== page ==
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May pleads with MPs to back Brexit deal in new year’s video
Theresa May has pleaded with MPs to back her Brexit deal in a new year video released on Tuesday, where she asked members to “put our differences aside and move forward together” in a fresh attempt to seek support.
In her new year’s day message, the PM sought to apply pressure to MPs who currently oppose her Brexit deal, urging them to allow the UK to “turn a corner” by supporting her deal, adding that she wanted 2019 to be “the year we put our differences aside and move forward together”.
The new plea comes a week before MPs are set to begin debating May’s Brexit deal in the commons, with the ‘meaningful vote’ on the deal expected to take place in the week commencing 14 January. The vote was originally set to take place in December, but May postponed this after it appeared that her deal would not get majority support in parliament.
Since delaying, the deal, May has been attempting to gain “legal and political assurances” from the EU on the Irish border backstop, attempting to get written agreements that it will not come into force, and that it would be a temporary measure. However, EU leaders have been unwilling to provide these reassurances to the prime minister in recent weeks.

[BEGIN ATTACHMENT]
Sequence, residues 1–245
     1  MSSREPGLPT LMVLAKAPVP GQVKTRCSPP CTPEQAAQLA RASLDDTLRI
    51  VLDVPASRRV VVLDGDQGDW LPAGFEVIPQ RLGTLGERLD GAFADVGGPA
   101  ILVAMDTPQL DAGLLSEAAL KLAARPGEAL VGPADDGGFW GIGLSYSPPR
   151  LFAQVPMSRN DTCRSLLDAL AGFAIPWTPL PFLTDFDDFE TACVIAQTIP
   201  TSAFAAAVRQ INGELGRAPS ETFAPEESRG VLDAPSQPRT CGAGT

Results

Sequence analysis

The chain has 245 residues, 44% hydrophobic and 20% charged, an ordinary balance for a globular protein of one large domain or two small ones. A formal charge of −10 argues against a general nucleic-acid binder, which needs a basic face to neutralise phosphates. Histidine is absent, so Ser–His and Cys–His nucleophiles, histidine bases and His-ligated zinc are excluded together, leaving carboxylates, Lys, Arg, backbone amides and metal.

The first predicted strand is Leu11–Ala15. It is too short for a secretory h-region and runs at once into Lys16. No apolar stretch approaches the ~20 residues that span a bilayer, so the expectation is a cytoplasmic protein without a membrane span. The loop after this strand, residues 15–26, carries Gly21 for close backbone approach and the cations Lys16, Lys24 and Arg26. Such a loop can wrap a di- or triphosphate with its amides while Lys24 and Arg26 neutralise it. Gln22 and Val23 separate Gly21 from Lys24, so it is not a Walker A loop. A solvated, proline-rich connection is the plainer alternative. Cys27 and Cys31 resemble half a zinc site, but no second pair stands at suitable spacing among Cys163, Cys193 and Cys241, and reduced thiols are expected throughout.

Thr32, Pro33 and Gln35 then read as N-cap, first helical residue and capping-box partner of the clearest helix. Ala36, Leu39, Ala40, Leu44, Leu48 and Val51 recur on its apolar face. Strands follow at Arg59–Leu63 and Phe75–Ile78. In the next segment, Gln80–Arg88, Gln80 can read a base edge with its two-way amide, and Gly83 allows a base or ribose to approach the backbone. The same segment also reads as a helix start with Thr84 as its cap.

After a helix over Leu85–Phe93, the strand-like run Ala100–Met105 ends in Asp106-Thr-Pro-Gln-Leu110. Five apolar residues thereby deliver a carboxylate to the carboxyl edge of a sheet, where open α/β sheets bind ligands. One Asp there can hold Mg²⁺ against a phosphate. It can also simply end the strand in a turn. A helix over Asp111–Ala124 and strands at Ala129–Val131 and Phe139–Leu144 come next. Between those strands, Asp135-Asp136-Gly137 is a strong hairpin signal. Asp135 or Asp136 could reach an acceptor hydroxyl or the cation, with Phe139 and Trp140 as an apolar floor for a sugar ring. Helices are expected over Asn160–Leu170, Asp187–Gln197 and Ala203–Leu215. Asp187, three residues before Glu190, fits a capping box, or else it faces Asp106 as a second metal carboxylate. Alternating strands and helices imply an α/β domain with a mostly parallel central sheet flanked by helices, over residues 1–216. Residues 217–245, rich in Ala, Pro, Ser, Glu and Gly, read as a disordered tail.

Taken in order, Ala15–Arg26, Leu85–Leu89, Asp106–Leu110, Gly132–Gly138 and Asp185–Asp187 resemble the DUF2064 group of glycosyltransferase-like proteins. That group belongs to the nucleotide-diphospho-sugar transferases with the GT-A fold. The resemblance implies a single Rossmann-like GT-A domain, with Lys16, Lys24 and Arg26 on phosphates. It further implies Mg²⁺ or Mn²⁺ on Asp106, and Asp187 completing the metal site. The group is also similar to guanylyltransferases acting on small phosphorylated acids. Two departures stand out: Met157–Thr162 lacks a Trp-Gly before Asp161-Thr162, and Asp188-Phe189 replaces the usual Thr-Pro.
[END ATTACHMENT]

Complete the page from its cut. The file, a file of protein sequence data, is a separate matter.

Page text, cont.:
Pressure builds for Corbyn as members back second referendum
A new study has found that members of the Labour party overwhelmingly back a fresh vote on Brexit, adding pressure on leader Jeremy Corbyn to support a second referendum.
72% of members were shown to support a fresh referendum, according to a study of attitudes towards Brexit in various political parties. In addition, nearly 90% of party members would support staying in the EU.
Currently, Labour’s official policy is that a second referendum could be considered if the party’s MPs fail to force a general election, after May’s deal is voted down in the Commons. However, Corbyn weakened the chances of this after saying he expected Brexit to happen even if his party won an early general election.
Hunt hails connections with EU countries
Jeremy hunt has received criticism for claiming Britain’s close “connections” with EU member states will be crucial to the country’s future success, despite his strong support for Brexit.
The foreign secretary will make a speech in Singapore on Wednesday, where he will hail the UK’s “friendship with our neighbours in Europe” as one of the main reasons to be optimistic for trade, calling for Britain to “act as an invisible chain linking together the democracies of the world.”
The comments contradict Hunt’s own publicly expressed views on Brexit, of which he has been seen as a supporter. Hunt told radio station LBC that he voted to remain in the European Union in the 2016 referendum, but said he changed his mind due to EU “arrogance” around the deal. He has also been vocally supportive of May’s Brexit deal.
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